Variant Bt strains exhibiting acquisition of a Bp-like capsular polysaccharide gene cluster

A specific region on Bt chromosome 1 (BTH_I1324-1343) encodes an exopolysaccharide (EPS) gene cluster (purple arrows in Figure 1) that in Bp has been replaced by a capsular polysaccharide gene cluster (Bp CPS) known to be essential for mammalian virulence [25, 2832]. The Bt EPS cluster was present in almost all of the profiled Bt strains; however, two isolates (BtE555 and BtCDC3015869) exhibited decreased fluorescence ratios in the Bt EPS region, suggesting absence of the Bt EPS cluster in these strains (Figures 1a and 2a). Hypothesizing that the genomic loss of Bt EPS in these strains might have been associated with the concomitant gain of novel genetic material, we surveyed hybridization signals for both BtE555 and BtCDC3015869 in the Bp-associated region of the BPGA. Both strains exhibited enhanced hybridization signals in Bp microarray probes representing Bp CPS genes (BPSL2787-2810) (Figure 2a), which was not observed for the other Bt strains. These results suggest that BtE555 and BtCDC3015869 may represent variant Bt strains that have acquired genomic material highly similar to Bp CPS genes. Moreover, the observation that two distinct Bt strains have gained this material suggests that this acquisition may be a recurrent event.

Figure 2
figure 2

Acquisition and expression of a Bp-likeCPS gene by variant Bt isolates. (a) aCGH signals of variant Bt stains (BtCDC3015869 and BtE555) within the Bt EPS cluster region and Bp CPS cluster regions of the BPGA. Top: signal dips in the Bt EPS region (blue genes, BTH_I1324 to 1343) indicate absence of this region in both BtCDC3015869 and BtE555. Bottom: signal peaks in the Bp CPS region (red genes, BPSL2787 to BPSL2810, wcbT-manC) indicate gain of this region in both BtCDC3015869 and BtE555. All aCGH signals represent comparisons against BtE264. Breakpoints in both BtCDC3015869 and BtE555 are demarcated by solid black lines. (b) PCR detection of Bp CPS genes in variant Bt strains. Six Bp CPS genes (marked by black bars in (a) were assayed. Lanes: 1, Bp K96243 (yellow); 2, BtE555 (green); 3, BtCDC3015869 (cyan); 4, BtE264 (pink); 5, water control (grey). Also shown are 100-bp and 500-bp ladders. (c) Western blot analysis of BpK96243 (positive control, lane 1), and three Bt strains (BtE555, BtCDC3015869 and BtE264, lanes 2 to 4) using a monoclonal antibody directed to Bp CPS (anti-Bp CPS) demonstrates expression of cross-reacting Bp-likeCPS in BtE555 and BtCDC3015869 at around 200 kDa, but not for the negative control (BtE264, lane 4). (d) Immunofluorescence analysis confirms Bp-likeCPS expression in both BtCDC3015869 and BtE555, but not BtE264. Bacteria were co-stained with anti-Bp CPS antibodies (red) and DAPI (blue) to identify nuclei.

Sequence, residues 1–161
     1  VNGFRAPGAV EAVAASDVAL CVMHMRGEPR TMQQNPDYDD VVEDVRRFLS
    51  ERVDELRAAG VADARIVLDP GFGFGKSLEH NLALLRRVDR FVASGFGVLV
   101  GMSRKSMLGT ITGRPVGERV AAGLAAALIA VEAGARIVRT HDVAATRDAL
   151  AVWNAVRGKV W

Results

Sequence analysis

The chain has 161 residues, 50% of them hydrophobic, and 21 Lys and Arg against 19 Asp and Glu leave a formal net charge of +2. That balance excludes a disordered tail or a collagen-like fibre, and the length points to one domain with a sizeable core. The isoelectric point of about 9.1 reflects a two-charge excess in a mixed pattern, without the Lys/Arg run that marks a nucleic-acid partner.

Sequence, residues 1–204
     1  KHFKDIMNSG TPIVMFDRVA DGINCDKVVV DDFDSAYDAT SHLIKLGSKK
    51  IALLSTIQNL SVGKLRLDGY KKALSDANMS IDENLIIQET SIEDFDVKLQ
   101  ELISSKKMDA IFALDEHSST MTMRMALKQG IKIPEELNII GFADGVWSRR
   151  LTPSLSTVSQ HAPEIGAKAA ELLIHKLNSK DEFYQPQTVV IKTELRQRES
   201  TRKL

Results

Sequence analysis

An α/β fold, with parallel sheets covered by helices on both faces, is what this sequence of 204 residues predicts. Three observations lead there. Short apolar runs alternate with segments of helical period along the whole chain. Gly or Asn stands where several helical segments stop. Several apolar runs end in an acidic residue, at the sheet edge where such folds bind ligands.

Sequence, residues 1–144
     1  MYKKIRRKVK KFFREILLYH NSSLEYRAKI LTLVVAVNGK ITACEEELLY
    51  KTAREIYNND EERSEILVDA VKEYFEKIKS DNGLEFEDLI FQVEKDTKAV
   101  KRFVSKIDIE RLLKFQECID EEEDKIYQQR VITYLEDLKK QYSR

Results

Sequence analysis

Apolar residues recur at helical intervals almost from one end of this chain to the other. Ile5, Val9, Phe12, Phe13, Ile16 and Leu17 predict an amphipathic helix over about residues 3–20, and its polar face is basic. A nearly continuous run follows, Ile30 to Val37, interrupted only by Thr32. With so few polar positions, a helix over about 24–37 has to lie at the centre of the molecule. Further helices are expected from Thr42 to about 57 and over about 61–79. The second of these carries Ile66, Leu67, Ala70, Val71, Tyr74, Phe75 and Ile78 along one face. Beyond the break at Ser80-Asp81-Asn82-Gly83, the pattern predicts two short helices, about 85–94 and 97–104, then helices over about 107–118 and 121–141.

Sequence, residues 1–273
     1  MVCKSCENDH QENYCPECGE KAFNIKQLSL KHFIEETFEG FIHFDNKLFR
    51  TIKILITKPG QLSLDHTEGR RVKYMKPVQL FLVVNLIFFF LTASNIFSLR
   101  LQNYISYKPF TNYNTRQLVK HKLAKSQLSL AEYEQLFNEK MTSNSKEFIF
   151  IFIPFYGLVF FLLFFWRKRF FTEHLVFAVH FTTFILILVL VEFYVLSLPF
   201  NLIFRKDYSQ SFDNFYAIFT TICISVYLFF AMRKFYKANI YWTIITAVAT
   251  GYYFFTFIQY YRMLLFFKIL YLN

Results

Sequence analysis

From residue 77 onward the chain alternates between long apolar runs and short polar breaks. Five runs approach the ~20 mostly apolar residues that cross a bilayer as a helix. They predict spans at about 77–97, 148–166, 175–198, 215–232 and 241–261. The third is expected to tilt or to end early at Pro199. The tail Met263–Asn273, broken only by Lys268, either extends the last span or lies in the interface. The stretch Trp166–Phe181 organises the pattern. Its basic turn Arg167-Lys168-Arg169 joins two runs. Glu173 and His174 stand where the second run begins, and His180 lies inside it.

To validate the aCGH results, we performed a series of PCR amplification reactions using oligonucleotide primers designed against six Bp CPS genes (BPSL2791 to BPSL2797). All six PCR reactions successfully amplified PCR products from BpK96243 (positive control), BtE555 and BtCDC3015869, but not from the BtE264 reference strain (Figure 2b). Subsequent DNA sequencing of the PCR products from BtE555 and BtCDC3015869 confirmed nucleotide similarities of ≥92% to the Bp CPS genes of BpK96243 (Additional file 9). To reflect the similarity of these genes in BtE555 and BtCDC3015869 to Bp CPS, we will henceforth refer to this novel region as a 'Bp-likeCPS' cluster.